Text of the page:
Thomas Dingley (antiquary)

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Thomas Dingley or Dineley (died 1695) was an English antiquary.


He was the son and heir of Thomas Dingley, controller of customs at Southampton; he was born about the middle of the seventeenth century, and, on his own account educated by James Shirley, the dramatist, who for some years kept a school in Whitefriars, London. In 1670 he was admitted a student of Gray's Inn. In the following year he became one of the suite of Sir George Downing, then returning as ambassador to the States-General of the United Provinces.

Henry Somerset, 1st Duke of Beaufort, as Lord President of Wales, took Dingley with him in 1684 on an official progress. Dingley was made an honorary freeman of the boroughs of Brecknock and Monmouth, wrote and sketched.

Dingley lived much at Dilwyn in Herefordshire, when not travelling. From the administration of his effects, granted in May 1695, it is known that he was at Leuven in Flanders when he died.


Dingley left in manuscript a journal of his Travails through the Low Countreys, Anno Domini 1674, illustrated by sketches in pen and ink. Subsequently, he made a tour in France, and wrote a similar illustrated record of his journey. In 1680 he visited Ireland, perhaps in a military capacity, and the account of what he there saw, and his observations on the history of the country, were published in 1870, as a reprint from the pages of the journal of the Kilkenny and South East of Ireland Archaeological Society. The manuscripts of all these accounts of travel came into the possession of Sir F. S. Winnington of Stanford Court, Worcestershire.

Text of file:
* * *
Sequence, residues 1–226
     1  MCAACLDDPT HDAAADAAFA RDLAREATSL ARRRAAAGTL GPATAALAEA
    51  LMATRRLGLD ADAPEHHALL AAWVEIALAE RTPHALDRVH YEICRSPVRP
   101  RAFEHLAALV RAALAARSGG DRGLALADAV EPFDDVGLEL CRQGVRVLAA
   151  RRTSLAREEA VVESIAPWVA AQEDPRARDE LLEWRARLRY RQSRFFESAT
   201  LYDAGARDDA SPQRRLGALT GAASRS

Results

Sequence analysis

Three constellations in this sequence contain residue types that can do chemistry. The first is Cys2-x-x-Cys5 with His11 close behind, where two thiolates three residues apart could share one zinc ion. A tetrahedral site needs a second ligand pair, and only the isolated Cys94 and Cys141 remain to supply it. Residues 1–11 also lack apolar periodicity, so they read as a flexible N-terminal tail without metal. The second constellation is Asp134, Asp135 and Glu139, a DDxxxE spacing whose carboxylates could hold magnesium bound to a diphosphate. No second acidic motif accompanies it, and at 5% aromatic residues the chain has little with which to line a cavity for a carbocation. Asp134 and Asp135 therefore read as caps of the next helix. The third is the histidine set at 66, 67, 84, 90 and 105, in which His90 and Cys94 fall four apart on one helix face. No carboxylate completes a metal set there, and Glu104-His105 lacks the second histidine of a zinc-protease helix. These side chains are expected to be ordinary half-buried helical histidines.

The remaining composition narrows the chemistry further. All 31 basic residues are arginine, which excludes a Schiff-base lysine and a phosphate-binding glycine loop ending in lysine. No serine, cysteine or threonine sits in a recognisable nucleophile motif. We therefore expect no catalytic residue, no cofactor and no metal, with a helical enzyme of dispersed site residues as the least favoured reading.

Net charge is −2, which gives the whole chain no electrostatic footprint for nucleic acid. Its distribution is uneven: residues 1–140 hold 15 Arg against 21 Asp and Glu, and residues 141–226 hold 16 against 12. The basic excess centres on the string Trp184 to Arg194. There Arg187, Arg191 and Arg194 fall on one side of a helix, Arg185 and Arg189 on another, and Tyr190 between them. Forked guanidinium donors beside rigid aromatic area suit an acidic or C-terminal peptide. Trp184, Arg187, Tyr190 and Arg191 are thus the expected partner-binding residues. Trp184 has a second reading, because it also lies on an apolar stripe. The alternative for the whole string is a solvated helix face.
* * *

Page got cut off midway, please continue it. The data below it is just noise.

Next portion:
Ballycar Castle in western Ireland, sketch by Thomas Dineley.

The manuscript of Dingley's journal of the progress in Wales was kept by the Dukes of Beaufort. Part of it, under the title of Notitia Cambro-Britannica, was edited by Charles Baker in 1864, and printed for private circulation by the 8th Duke of Beaufort. A facsimile edition of the whole work, The Account of the Official Progress of His Grace Henry, the First Duke of Beaufort through Wales in 1684 was sponsored by the Cambrian Archaeological Association in 1888.[1][2]

The History from Marble, a collection of epitaphs, church notes, and sketches of domestic and other buildings (published by the Camden Society 1867–1868), ranges over most of the midland and western counties in England. Dingley's notes and sketches were known to Treadway Russell Nash and Theophilus Jones, who made use of them in their histories of Worcestershire and Brecon. The manuscript passed to Sir F. S. Winnington. Dingley's collections also formed the groundwork of Richard Rawlinson's History and Antiquities of the Cathedral Church of Hereford.


  1. ^ The project was arranged by R. W. Banks, the Treasurer of the Association , who supplied the introductory preface to the work. It was published in London by Blades, East and Blades in 1888.
  2. ^ Fenn, R. W. D. (2005). "R. W. Banks and the Cambrian Archaeological Association". Archaeologia Cambrensis. 154: 1–16.

 This article incorporates text from a publication now in the public domain"Dingley, Thomas". Dictionary of National Biography. London: Smith, Elder & Co. 1885–1900.